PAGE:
Rule 3: Put the money you make from your second set of investments toward paying down your mortgage.
Debt with a low-interest rate is a sort of debt that has a lower priority than the majority of investment possibilities; nonetheless, paying off this type of debt sooner than planned would be beneficial since you may utilize this credit line for other investments. Your mortgage and any other secured loans or credit cards fall under this category of debt.
I do this by making additional principal payments to my loan using the cash flow that is generated by my other assets. These payments are above and above what is required.
Because of this, I was able to pay off my first home in only five years, and I anticipate that I will be able to do the same with my second home by the middle of the following year. Because of this, I was able to accomplish my objectives earlier than I had anticipated and keep my net worth expanding via investments that were both more significant and risky.
When deciding where to put your money in the form of an investment, it is important to consider not only which product will provide you the maximum return over a period of time, but also which choice is most appropriate given your present level of wealth.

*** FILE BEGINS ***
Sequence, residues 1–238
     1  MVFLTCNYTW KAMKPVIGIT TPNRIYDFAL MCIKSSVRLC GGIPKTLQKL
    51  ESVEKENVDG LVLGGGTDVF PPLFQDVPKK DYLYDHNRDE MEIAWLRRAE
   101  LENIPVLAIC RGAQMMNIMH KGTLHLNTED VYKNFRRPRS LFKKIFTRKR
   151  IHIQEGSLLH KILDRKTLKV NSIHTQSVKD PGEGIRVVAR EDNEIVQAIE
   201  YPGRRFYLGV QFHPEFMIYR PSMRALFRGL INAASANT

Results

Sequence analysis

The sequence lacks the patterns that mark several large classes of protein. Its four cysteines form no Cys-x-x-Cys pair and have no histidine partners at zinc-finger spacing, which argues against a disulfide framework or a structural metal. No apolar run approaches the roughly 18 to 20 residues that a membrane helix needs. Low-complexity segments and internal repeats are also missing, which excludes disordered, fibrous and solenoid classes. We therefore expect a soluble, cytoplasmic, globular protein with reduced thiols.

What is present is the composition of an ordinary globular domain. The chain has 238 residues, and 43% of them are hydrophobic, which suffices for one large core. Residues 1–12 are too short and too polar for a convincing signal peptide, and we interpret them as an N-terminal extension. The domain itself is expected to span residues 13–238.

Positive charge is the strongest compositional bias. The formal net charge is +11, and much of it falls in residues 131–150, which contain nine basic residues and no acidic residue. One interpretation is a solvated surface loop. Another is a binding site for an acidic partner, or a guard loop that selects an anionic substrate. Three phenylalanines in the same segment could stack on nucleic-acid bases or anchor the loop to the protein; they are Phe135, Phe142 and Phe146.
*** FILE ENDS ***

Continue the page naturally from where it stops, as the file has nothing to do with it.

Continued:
Paying off your dangerous debts and putting money aside for unexpected expenses will always be a wiser financial move for you than investing in a fund that returns 10–12% annually. This is due to the fact that you are throwing money away by paying higher interest rates.
Also, it is sometimes better to start investing in products that give you access to your money at any time rather than a 3–5 year investment because you could need it in a bear market, and it is better to understand your current financial situation before analyzing new possibilities. Also, it is sometimes better to start investing in products that give you access to your money at any time.
The following is a rundown of the steps to take in order to improve the quality of the judgments you make with your money:
- Rule 1: is to get rid of everything that causes you to lose more money and replace it with something that will provide you with greater financial security. This encompasses the use of credit cards, hazardous forms of debt, the establishment of an emergency fund, as well as personal and educational loans.
- Rule 2: Proceed from the product that offers you the greatest liquidity all the way down to the one that gives you the least. These include accounts with a high yield, certificates, investment funds, and markets.
- Rule 3 states that you should pay off your mortgage with the cash flow generated by your second set of assets so that you may take advantage of greater investment possibilities in the future.